The Drosophila genome encodes seven Wnt genes [115]. In addition to Wg, the other six Wnts (Wnt2, Wnt4, Wnt5, Wnt6, Wnt10, and WntD) are also expressed in the Drosophila intestine (FlyGut-seq [98]; Figure 2). Their precise expression pattern and contribution to the intestinal physiology awaits further work.

4.2. Graded Activation of Wg Signaling at Major Compartment Boundaries in the Drosophila Midgut

The distinct regions in the Drosophila adult intestine at which Wg signaling is active have been identified by the analysis of Wg pathway target genes [81,95,106]. frizzled 3 (fz3) and naked cuticle (nkd) are target genes that are activated directly by Armadillo/β-catenin-TCF in several physiological contexts and are feedback antagonists of the Wg pathway [116,117,118]. Fz3-RFP, which is a 2.3 kb promoter fusion line [119], and nkd-lacZ, an insertion of lacZ in the endogenous nkd locus [118], respond to both loss and gain of Wg signaling in distinct developmental contexts [118,119,120,121,122,123]. The specificity of these two target gene reporters in the intestine has been verified by mutant clonal analysis of essential Wg pathway components [101,106]. In the adult gut epithelium, fz3-RFP and nkd-lacZ exhibit overlapping graded expression patterns, peaking at major compartment boundaries and decreasing as a function of distance from the boundaries [81,101,106,107]. Asymmetric gradients of Wingless target genes are present at the AMG/MMG boundary and the MHB boundary [81,106]. In addition, low-level expression of Wg target genes is also present within the interior of compartments [81,101,106]. Thus, Wg pathway activation peaks at the boundaries between intestinal compartments, decreases with distance from the boundaries, and is the lowest in the interior of compartments.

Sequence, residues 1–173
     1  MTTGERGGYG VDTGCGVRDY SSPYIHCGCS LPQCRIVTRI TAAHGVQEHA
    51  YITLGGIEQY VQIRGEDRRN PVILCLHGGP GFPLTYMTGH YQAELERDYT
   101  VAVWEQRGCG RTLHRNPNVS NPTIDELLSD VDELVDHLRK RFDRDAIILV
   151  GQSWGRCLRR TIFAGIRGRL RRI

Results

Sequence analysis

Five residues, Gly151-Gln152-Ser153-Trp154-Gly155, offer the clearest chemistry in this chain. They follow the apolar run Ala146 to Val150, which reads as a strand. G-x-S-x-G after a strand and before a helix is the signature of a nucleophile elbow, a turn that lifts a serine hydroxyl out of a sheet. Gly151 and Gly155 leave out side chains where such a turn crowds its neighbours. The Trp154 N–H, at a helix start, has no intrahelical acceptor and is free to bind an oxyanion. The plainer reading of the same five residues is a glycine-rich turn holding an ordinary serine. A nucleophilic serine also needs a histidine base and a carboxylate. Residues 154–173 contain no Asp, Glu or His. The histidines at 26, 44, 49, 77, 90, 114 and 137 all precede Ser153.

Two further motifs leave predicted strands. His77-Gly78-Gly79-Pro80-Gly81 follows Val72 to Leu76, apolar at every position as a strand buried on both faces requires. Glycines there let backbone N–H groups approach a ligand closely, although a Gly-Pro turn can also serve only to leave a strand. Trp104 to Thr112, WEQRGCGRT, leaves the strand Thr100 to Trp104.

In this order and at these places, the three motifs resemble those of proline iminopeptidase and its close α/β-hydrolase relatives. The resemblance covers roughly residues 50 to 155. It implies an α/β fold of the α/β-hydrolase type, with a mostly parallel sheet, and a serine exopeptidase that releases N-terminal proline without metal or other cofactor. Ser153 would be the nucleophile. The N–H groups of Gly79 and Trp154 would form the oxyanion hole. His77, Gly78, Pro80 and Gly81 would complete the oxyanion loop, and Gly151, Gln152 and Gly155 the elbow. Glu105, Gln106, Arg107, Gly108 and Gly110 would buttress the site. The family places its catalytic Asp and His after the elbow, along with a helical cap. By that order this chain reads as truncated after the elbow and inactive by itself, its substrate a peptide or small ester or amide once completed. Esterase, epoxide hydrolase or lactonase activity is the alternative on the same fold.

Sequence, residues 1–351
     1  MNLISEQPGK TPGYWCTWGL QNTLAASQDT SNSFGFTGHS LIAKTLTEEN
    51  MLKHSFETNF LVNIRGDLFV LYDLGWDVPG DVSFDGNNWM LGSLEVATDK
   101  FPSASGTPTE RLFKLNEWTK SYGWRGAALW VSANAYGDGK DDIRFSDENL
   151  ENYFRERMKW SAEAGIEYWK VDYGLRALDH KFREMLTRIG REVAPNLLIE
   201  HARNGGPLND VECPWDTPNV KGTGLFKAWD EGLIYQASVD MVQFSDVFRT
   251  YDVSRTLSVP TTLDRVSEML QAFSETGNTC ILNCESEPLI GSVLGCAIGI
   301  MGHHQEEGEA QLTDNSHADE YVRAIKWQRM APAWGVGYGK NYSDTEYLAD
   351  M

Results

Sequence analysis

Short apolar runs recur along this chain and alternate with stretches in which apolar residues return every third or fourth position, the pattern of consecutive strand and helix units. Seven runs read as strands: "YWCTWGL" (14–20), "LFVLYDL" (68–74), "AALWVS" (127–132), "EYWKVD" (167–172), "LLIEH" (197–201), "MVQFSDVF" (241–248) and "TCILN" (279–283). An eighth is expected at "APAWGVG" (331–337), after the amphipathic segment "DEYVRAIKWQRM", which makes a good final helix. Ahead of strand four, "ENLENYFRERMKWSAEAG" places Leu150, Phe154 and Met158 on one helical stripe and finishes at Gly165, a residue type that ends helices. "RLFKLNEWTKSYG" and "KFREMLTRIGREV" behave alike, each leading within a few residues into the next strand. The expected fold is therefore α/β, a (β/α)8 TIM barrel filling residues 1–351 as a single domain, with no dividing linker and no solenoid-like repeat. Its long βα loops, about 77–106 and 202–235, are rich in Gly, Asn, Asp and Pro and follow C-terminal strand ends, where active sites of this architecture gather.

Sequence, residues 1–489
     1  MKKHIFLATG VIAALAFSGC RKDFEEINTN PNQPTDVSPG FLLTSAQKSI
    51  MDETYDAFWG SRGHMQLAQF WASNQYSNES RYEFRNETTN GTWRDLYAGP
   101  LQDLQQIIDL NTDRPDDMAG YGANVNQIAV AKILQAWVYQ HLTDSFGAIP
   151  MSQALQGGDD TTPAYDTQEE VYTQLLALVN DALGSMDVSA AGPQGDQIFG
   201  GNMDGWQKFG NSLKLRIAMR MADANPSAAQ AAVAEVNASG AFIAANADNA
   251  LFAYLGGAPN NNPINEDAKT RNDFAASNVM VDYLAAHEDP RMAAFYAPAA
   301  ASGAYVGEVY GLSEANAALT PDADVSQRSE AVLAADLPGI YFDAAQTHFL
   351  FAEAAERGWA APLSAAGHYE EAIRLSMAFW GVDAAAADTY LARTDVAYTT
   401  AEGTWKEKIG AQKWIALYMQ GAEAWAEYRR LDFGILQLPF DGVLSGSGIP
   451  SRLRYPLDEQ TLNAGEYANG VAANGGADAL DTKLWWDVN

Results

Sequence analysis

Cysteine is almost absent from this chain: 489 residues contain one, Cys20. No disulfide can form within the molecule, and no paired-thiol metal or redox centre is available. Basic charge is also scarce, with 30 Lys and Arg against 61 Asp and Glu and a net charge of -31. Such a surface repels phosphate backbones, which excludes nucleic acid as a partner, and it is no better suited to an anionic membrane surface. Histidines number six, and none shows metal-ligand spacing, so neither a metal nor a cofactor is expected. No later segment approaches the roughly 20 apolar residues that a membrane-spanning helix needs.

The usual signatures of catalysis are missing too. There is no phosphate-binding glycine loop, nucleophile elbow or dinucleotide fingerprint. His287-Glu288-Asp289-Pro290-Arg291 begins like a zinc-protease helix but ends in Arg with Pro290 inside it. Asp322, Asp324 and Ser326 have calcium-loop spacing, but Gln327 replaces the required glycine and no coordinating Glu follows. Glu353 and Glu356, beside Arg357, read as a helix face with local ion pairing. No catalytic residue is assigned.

Loss-of-function clonal analysis of essential Wg pathway components also revealed that Wg stimulation activates fz3-RFP and nkd-lacZ expression specifically in ECs, both at the intestinal compartment boundaries and within the interior of compartments [106]. Wg-dependent activation of fz3-RFP expression also occurs in progenitor cells, but only those in the posterior terminal midgut [106,107]. Thus, under physiological conditions, Wg signaling is transduced within enterocytes along the entire midgut, and also in progenitor cells in the posterior terminal midgut. By contrast, in Apc1 Apc2 double null mutant clones, fz3-RFP expression is greatly induced in all intestinal cell types, including progenitor cells, EEs, and ECs [106]. Thus, all of the gut epithelial cells have the capacity to activate Wg signaling. The mechanism that restricts Wg pathway activation to a subset of intestinal epithelial cells under physiological conditions awaits further investigation, and may require improvement in the sensitivity of detection of destruction complex components in the Drosophila gut.

4.3. Wg Directs Pattern Formation during Drosophila Gut Development